More Advisors Jump from Wells in Southwest
Wells Fargo Advisors head David Kowach kvells on a new video posted on the firm’s website that “the privilege of witnessing our financial advisor and team members helping clients live better lives” is key to understanding “why I love my job.”
Unfortunately for Kowach, the number of advisors he’s watching continued to shrink last week.
On Friday, Jason Holland, a sole practitioner in Dallas who was generating more than $2 million of revenue for Wells and had worked at the firm since 2005, left to join J.P. Morgan Securities’ burgeoning Texas brokerage operation, encompassing offices in Dallas and Houston. He arrived at the Dallas branch with two client associates, said one of the team members.
Holland, who began his career in 1999 at UBS Financial Services, was busy working with clients and could not immediately comment, the associate said when contacted on Monday. A J.P. Morgan Securities spokeswoman said that Holland had been managing over $240 million in customer assets at Wells and will focus on growing his “ultra-high-net-worth client base.”
In Oklahoma City, veteran Wells advisors Joey Sager and DeWayne Crunk turned in their brokerage licenses in late September to become partners at Venturi Wealth Management, a registered investment advisory firm founded three years ago by former Merrill Lynch private banking and investment group brokers Russell Norwood and George Clark.
“A lot of things have changed at Wells, and it was getting harder for them to grow the firm and do business,” said Norwood, who returned a call made to Sager and Crunk.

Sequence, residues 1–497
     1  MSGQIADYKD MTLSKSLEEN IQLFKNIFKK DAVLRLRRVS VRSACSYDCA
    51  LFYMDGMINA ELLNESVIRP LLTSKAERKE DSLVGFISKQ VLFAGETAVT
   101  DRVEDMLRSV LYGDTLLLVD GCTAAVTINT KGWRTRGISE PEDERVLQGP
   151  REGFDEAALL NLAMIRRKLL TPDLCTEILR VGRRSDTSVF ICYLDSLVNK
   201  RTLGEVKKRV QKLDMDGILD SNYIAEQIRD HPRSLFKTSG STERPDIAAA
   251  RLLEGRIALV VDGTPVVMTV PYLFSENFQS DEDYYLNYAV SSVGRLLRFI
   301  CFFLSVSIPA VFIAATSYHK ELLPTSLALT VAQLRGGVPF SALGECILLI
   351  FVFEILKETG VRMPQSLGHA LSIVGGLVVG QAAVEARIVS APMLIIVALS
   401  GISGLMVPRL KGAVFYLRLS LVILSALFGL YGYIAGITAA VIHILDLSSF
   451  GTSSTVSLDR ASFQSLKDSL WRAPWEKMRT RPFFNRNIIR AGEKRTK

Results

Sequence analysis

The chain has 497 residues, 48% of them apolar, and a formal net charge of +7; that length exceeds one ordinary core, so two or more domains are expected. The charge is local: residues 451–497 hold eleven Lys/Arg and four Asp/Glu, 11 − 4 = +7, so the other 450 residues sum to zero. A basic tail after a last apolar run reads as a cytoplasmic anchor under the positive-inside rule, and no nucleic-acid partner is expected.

The team, who joined with two client associates, were managing a little over $300 million, said Norwood, whose RIA prior to its expansion into Oklahoma was overseeing about $790 million for about 75 high-net-worth clients.
Sager and Crunk initially planned to set up their own independent advisory boutique, but formed the partnership with Venturi after a nine-month courtship that came courtesy of Raymond James Financial, one of three custodians used by the RIA, Norwood said.
Sager, who began his brokerage career at Merrill Lynch in 1985, was ranked as the top Oklahoma broker in Barron’s 2009 rankings. Like Norwood, whose RIA is named for a fuel-pressure measurement term, Sager is an amateur pilot.
Crunk first registered as a broker in 1986 at Merrill, and also worked for more than 20 years at Smith Barney and RBC Capital Markets before joining Wells in 2013, according to his BrokerCheck history.
Wells Fargo Advisors’ brokerage count has fallen by about 860 since its parent company’s September 2016 disclosure of a regulatory settlement over fake bank and credit card accounts. The declines continue amid headlines about other investigations into what critics have characterized as a hyper-charged corporate sales culture, despite premium fees that Wells Fargo Advisors is offering headhunters to attract brokers from other firms.
A Wells Fargo Advisors spokeswoman did not respond to several requests for comment about the latest moves out of the retail brokerage operation.